Saturday, January 23, 2010

Unanswered Sparkman Questions


The dust has finally settled on the Bill Sparkman case, and everyone seems to accept the final investigative report. It concluded Sparkman committed suicide in Hoskins Cemetery and faked it to appear as a murder, because he thought his cancer was coming out of remission and he wanted to leave behind an insurance policy for his son. Case Closed.

But I'm still uneasy about the whole thing. Don't know why, exactly. Something's just not quite right.

True, people do some crazy things, and true, they don't have to always make sense. In fact, the more a news story neatly makes a pat sort of sense, the greater likelihood it's been crafted and contrived. So, part of me thinks, maybe it is true. Maybe Sparkman did kill himself.

But ask yourself: if you were going to fake your own murder, couldn't you have thought of a better way? And couldn't you have done a better job of making it more realistic and believable?

Today's Washington Post:

Investigators said Sparkman's wrists were bound so loosely that he could have done the taping himself. He was touching the ground almost to his knees. To survive, "all Mr. Sparkman had to do at any time was stand up," Capt. Lisa Rudzinksi of the Kentucky State Police said.


I don't mean to speak ill of the dead, but that's just plain stupid. What kind of lynching is that? Did Sparkman really think anyone was going to believe that unknown perps captured him, tied his hands loosely, and then hung him in such an unlikely way? (And why would they even need to tie his hands, anyway? Presumably he wouldn't be going anywhere.)

Sparkman, we're told, was a teacher, a man of science, and highly intelligent. I have real trouble squaring this intelligent man with this poorly-executed hoax attempt.

Lowell Adams, a close friend of Sparkman's, told investigators that Sparkman had confessed his whole secret plan to him. Why would he do that? I don't know. It doesn't make sense. Why would Adams betray Sparkman and spill the beans? I don't know that either.

Some friend.

The Washington Post again:

"In reality Bill spoke with me several times about killing himself and, on the Saturday before his death he told me he was going to kill himself on the next Wednesday," Adams said in a written statement included in more than 200 pages of investigative records.

Adams said Sparkman, who once had lymphoma, preferred to kill himself rather than to die from cancer.

"Bill said he had chosen a place to kill himself 'in the woods' in Clay County and he intended to hang himself," Adams said. "He said he intended to tie his hands behind his back so it would appear that someone else did it, to appear like a murder."

Adams said Sparkman asked him if he wanted to get drunk with him the weekend before his death. Adams said Sparkman bought a case of Budweiser beer in Richmond. An autopsy found that Sparkman was not under the influence of any drugs or alcohol at the time of his death. It also found that Sparkman did not have cancer.


Wait, so he didn't have cancer? He did all this for nothing? So why did he think his cancer had returned? Did he get a doctor's diagnosis? If so, who's the doctor? If not, why not?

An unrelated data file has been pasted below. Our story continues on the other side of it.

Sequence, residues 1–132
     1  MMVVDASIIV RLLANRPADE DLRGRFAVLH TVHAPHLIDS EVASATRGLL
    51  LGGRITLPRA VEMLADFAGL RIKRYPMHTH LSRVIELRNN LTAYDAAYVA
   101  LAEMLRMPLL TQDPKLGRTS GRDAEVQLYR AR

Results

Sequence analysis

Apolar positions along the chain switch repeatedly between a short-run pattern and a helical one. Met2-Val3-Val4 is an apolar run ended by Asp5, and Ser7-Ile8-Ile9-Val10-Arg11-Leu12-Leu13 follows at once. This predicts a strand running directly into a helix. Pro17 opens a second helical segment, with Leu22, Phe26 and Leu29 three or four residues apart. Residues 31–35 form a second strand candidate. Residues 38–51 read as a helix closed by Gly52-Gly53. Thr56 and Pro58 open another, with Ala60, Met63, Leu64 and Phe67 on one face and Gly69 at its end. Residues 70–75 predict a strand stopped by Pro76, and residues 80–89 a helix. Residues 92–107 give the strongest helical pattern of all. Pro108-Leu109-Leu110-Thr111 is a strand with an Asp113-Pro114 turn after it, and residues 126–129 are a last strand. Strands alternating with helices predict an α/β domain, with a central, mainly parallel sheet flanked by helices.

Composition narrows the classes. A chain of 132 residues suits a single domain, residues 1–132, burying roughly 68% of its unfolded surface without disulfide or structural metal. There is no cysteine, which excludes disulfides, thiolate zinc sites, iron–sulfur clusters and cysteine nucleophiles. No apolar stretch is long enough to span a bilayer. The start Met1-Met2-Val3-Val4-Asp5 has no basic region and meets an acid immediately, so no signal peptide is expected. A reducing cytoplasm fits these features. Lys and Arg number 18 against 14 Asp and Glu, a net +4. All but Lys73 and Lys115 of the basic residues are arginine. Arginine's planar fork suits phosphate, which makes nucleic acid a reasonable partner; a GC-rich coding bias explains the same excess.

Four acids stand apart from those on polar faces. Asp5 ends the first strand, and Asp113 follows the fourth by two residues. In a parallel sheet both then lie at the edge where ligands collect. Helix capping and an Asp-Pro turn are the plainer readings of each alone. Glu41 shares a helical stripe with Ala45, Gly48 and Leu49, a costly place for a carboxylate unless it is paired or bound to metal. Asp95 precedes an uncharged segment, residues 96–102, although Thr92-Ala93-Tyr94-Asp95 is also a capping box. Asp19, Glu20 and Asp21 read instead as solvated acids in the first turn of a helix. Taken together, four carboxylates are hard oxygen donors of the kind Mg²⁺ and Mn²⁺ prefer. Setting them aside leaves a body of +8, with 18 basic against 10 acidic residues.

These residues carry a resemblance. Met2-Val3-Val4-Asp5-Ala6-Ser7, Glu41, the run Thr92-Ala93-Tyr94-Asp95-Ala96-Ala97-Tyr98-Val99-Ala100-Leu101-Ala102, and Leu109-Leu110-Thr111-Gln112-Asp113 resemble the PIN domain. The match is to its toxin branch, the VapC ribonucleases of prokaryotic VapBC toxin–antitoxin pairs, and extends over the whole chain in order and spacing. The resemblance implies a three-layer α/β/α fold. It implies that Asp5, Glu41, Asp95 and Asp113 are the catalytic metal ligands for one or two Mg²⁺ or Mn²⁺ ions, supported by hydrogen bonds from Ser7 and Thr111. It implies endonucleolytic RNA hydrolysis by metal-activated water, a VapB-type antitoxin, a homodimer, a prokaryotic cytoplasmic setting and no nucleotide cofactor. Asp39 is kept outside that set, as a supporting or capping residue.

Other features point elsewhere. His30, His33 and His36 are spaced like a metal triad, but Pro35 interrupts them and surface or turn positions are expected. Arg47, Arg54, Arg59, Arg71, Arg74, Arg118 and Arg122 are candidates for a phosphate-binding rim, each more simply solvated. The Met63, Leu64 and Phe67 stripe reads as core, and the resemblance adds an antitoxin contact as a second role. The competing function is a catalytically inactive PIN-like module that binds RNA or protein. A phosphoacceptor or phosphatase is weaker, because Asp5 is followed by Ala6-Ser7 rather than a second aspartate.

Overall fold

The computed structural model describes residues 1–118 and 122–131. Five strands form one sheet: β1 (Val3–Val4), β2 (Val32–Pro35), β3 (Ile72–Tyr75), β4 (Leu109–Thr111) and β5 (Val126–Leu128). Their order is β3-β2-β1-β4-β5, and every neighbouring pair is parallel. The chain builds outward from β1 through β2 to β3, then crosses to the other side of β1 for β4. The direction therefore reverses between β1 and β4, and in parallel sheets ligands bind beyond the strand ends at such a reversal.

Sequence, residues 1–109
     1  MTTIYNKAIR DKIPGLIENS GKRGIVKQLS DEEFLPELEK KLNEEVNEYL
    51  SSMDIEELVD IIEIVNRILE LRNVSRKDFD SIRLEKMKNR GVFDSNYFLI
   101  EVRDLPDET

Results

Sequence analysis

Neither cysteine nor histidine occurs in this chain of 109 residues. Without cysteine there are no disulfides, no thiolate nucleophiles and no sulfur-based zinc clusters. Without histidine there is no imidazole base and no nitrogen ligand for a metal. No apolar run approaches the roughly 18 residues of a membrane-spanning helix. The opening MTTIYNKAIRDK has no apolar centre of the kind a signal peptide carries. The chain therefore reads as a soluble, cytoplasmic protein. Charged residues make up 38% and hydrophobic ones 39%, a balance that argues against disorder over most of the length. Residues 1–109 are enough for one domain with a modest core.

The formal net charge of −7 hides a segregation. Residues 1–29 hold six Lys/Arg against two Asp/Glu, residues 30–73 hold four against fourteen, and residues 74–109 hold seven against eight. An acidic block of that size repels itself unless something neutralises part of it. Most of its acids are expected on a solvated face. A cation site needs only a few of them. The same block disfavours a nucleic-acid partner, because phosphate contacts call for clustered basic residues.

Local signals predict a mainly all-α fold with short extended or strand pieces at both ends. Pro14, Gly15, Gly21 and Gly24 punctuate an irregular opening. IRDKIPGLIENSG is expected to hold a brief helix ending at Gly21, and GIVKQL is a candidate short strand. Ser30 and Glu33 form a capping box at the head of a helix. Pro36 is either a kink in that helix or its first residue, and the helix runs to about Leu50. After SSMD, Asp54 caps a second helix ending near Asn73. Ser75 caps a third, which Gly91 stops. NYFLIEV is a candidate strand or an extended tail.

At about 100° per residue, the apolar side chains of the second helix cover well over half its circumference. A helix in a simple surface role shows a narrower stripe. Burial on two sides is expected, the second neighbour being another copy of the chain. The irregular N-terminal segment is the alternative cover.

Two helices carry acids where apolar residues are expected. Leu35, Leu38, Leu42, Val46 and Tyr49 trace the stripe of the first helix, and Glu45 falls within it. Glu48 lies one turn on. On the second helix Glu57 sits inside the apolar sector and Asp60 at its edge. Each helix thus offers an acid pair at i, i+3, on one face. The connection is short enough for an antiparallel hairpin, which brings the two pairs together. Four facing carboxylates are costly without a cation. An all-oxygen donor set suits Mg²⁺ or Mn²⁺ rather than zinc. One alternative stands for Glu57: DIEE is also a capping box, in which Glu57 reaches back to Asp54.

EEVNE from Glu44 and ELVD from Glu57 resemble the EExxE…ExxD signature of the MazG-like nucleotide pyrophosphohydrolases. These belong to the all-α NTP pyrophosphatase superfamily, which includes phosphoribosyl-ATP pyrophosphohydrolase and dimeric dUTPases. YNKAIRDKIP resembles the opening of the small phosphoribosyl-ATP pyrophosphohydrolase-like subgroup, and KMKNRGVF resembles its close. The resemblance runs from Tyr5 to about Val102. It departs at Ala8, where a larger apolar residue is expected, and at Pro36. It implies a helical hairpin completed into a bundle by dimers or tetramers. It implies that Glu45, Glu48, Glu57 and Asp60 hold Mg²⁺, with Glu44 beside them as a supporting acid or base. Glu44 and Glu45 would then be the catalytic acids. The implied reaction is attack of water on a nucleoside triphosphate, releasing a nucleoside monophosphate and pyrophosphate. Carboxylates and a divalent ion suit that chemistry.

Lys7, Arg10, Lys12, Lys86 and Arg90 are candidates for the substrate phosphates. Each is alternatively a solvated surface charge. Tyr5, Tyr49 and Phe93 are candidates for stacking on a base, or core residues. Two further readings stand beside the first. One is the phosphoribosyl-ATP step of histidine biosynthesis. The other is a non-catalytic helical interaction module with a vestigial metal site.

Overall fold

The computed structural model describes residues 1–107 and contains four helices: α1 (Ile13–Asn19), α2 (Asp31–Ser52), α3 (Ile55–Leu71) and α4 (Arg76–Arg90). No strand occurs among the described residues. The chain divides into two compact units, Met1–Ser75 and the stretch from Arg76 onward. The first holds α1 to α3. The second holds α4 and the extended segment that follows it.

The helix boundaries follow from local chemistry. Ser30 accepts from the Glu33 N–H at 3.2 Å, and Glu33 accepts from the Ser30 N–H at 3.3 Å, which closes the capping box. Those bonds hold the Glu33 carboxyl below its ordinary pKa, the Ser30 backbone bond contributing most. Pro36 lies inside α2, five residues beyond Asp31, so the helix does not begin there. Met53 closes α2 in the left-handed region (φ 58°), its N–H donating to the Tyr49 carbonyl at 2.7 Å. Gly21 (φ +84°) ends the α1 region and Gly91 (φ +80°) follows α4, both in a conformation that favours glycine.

The two life insurance policies that Sparkman took out on himself were for accidental death, and would not pay out in case of suicide. Wouldn't it have been far easier to fake an accident than to fake a murder? Wouldn't it have been far easier to actually set a real accident into motion?

For instance, couldn't he have driven his car off a cliff while doing 90 MPH, but stepped hard on the brakes, knowing full well that the brake marks on the road would be accepted as suitable evidence that it was an accident? (Not a very pleasant way to go, but neither is carving the word "Fed" into your own flesh and choking yourself with a noose.) For that matter, couldn't he just have deliberately overdosed on something? Or drowned in a lake? Why this bizarre and implausible kidnapping-lynching scenario?

Lastly, Sparkman allegedly did all this to help his son, who he loved very much. He left detailed written instructions to his son about what to do after his demise, and he closed the letter with "I love you and will always do so." And yet we're to believe that he, in some sort of severely misguided "Spock kills self but saves the ship" act of self destructive heroism, abandoned his son and committed suicide?

Some father.

I can't swallow it. I just can't. There's something more here we haven't been told, but I can't begin to pretend to guess what. I don't necessarily mean to imply anything in the realm of conspiracy or cover-up, but I just can't shake the feeling that there's still a third party at work here, a missing puzzle piece, a shadow over Innsmouth, a speckled band.

2 comments:

Ed said...

Methinks it exists in a convergence of things where an insurance company doesn't want to pay up on an insurance policy if someone committed suicide and where the political machinery of one of the smaller Kentucky counties wants to make sure that one of its meth boiling relatives isn't convicted of murder.

Katherine said...

I don't understand why this so called confidant didn't inform someone if he had been told a friend was going to kill himself. Reprehensible.